When state test scores come out in the next couple of weeks, one student who won’t count in the city’s averages is Matthew Sprowal. Encouraged by his mother Karen Sprowal, Matthew did not take the state tests, the first to be tied to new learning standards known as the Common Core, out of protest.
Nathan Place, a student at CUNY’s journalism school, filed this video report about the family and the movement against “high-stakes testing.” Writes Place:
Matthew, 10, was the one student at his school who “opted out” of the test. His mother, Karen Sprowal, told the school’s principal that he would be refusing the test as an act of protest, and while the rest of Matthew’s fourth-grade class took the tests, he sat in another classroom and read quietly.
“I kind of felt special that I was the only kid,” said Matthew. “And I felt relieved that I didn’t have to take the test because I was really worried about that.”
Karen Sprowal said the new tests, which are tied to the “Common Core” state standards, had turned her school’s curriculum into an endless series of drills and practice tests, and caused stress among students and teachers alike.
“My son Matthew started exhibiting a lot of anxiety,” she said, “being terrified that if he doesn’t do well on the test, his teacher could get fired.”
That fear was not completely unfounded. In New York City, students’ grades on the tests are tied to school evaluations, principal evaluations and whether or not students make it to the next grade. Starting next year, they will influence teachers’ ratings, too.
To protest the “high-stakes testing,” as they call it, education advocacy groups such as Class Size Matters and Change the Stakes encouraged parents to “opt out” of the tests, an unofficial alternative to taking them.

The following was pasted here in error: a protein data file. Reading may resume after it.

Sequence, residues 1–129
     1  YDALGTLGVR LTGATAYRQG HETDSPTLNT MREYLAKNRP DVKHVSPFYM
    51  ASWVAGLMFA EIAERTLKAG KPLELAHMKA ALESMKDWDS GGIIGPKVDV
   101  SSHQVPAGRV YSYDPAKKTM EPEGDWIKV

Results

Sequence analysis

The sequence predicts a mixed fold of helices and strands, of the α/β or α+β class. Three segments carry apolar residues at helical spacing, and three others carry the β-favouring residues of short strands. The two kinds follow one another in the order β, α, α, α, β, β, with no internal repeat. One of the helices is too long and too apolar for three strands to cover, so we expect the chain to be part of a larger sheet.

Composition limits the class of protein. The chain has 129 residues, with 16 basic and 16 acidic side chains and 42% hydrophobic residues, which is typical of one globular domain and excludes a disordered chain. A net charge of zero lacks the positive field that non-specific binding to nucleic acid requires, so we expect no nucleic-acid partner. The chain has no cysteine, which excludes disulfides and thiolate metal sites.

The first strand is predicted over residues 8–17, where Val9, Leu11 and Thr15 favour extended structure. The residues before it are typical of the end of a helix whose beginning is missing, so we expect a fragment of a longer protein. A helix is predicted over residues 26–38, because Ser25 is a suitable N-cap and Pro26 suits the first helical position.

The Sprowals chose that path — and they weren’t alone. Throughout New York State, hundreds of parents opted their kids out of the tests, including in places such as Long Island, Westchester and Buffalo.
Teachers spoke out as well. Lauren Cohen, 31, a fifth-grade teacher at P.S. 321 in Brooklyn, participated in a protest at Tweed Courthouse in April that Matthew and Karen also attended. In a speech she gave there, she said over the past year she watched the joy drain from her students’ faces as their curriculum shifted toward pre-test drills.
“The tests are just immensely stressful experiences, especially for elementary school children,” Cohen said. “As much as we try to shield them, they know that they are at risk of not being promoted if they don’t pass the test. … That’s a lot of pressure that these kids are under.”
Karen says opting out carried its own stresses. Matthew complained of feeling bored and left out while the rest of his class took the tests.
“I never took into consideration the emotional toll that it would have on him, being the one sole person in the school amongst his peers not taking the test,” she said.
Even so, she said, the family would opt out of state tests again.